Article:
When it comes to exchange-traded funds (ETFs), two things define success or failure: overall performance and assets gathered.
In 2013, the largest ETF by a country mile — SPDR S&P 500 ETF (SPY) — had a great year, gaining close to 30% as of Dec. 26. And it’s fair to say that S&P 500 ETFs were the year’s biggest success story.
But there were others, of course. That’s why, once again, we sorted through to find the best ETFs and worst ETFs the year had to offer.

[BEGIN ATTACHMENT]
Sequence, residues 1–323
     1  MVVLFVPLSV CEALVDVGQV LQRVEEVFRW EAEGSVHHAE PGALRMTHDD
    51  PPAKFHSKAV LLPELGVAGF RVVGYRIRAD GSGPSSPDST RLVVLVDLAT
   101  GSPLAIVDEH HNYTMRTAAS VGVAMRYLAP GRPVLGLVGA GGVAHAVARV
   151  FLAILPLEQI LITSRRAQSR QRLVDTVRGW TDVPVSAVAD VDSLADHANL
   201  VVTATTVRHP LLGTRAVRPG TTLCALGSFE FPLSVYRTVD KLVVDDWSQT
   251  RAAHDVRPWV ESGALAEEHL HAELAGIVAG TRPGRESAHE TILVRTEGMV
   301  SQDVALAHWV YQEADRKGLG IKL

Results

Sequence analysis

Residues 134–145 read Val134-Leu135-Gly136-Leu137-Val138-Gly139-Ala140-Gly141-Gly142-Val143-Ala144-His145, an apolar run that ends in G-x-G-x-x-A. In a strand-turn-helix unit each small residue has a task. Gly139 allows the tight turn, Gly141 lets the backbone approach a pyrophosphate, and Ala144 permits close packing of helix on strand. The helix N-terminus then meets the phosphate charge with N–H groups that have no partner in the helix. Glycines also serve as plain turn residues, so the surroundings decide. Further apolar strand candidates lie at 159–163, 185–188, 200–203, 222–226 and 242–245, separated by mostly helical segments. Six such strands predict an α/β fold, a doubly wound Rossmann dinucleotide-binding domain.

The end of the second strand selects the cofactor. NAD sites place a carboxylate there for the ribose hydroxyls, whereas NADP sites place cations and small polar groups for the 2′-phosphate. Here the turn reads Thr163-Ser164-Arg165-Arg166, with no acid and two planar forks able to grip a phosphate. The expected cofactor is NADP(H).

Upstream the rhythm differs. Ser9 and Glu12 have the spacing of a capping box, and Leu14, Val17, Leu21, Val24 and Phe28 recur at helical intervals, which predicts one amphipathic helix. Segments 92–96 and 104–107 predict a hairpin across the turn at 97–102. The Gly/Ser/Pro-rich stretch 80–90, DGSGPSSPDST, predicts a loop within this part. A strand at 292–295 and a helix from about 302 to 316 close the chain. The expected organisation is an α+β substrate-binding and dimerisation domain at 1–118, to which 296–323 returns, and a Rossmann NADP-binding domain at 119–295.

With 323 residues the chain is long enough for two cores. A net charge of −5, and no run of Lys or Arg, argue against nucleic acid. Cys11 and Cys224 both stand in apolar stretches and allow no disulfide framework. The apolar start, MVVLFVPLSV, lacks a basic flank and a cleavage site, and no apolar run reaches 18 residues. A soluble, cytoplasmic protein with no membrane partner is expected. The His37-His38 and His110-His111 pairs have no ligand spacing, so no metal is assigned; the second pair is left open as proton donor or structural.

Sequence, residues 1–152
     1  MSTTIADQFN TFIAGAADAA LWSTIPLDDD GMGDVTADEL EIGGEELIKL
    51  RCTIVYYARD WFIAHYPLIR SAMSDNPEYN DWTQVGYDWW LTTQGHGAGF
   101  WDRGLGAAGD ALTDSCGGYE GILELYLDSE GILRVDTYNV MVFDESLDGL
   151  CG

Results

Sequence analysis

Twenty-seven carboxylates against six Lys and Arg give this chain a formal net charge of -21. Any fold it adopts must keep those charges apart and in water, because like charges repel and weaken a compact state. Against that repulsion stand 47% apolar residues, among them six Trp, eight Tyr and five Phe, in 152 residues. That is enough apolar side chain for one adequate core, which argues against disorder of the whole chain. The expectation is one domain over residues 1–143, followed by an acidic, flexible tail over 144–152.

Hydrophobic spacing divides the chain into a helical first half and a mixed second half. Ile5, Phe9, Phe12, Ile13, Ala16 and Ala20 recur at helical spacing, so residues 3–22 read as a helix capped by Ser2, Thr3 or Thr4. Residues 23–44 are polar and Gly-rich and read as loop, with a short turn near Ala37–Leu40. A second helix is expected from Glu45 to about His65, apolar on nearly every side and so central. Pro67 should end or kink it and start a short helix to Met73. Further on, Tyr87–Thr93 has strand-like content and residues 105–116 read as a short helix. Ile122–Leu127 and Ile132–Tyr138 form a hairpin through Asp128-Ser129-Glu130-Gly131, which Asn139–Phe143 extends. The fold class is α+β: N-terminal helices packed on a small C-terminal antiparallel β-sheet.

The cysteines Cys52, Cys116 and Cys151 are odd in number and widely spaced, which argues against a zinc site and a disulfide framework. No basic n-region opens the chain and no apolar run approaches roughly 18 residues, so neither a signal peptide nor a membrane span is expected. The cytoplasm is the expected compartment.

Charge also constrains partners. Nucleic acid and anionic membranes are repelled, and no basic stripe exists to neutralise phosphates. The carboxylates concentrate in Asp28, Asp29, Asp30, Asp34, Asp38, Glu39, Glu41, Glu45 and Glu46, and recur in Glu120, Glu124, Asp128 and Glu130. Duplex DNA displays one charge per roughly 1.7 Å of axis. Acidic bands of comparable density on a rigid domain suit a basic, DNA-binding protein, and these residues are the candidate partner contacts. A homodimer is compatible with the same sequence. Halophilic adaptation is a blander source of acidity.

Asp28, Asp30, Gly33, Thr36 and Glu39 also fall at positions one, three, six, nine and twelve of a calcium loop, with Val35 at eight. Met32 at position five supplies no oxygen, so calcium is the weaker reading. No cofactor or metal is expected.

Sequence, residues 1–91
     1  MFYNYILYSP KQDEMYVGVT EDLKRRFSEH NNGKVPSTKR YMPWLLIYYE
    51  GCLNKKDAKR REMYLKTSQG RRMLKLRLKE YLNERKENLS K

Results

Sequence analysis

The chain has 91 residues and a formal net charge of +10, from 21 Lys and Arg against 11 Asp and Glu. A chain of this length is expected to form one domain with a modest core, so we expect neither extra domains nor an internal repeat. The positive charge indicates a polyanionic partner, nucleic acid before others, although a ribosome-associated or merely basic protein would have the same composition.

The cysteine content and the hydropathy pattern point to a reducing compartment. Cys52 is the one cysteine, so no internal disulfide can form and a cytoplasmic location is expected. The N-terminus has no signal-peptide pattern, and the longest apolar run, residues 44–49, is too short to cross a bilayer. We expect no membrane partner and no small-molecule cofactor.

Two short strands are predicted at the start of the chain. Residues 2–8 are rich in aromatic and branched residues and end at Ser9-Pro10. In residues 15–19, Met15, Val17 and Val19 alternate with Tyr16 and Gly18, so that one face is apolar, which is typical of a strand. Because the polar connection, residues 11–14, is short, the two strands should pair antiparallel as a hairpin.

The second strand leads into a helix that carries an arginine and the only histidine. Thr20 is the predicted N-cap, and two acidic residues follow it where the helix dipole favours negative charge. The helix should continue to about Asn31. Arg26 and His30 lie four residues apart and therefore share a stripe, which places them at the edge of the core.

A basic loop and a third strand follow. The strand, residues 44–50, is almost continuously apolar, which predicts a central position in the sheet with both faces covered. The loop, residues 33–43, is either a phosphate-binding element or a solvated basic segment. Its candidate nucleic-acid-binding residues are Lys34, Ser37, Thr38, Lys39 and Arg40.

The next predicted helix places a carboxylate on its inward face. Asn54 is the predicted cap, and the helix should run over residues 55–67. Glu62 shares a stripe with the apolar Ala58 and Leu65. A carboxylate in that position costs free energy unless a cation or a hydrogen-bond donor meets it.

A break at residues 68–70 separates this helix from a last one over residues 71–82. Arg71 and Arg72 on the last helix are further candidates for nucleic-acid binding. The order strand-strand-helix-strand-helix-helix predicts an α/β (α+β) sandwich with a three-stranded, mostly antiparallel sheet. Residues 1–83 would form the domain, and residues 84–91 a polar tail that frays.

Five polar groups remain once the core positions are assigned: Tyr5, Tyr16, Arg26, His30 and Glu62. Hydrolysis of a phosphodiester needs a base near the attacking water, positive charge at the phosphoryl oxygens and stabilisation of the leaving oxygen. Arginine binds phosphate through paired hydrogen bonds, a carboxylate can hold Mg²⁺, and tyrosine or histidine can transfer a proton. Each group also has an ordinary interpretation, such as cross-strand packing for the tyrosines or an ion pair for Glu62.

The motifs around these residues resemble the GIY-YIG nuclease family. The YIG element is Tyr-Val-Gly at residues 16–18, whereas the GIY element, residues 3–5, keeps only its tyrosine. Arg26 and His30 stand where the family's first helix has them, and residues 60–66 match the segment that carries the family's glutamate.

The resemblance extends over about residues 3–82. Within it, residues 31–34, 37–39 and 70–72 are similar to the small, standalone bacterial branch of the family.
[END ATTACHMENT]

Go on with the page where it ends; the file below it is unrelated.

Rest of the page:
In last year’s roundup of the best ETFs and worst ETFs, we excluded leverage, inverse and single-country funds from contention. This year, we allowed single-country funds into the fray because in several instances — good and bad — they’re worth mentioning.
But other than that our winners for the best ETFs and worst ETFs will be funds most regular investors should consider for their portfolios. Take a look: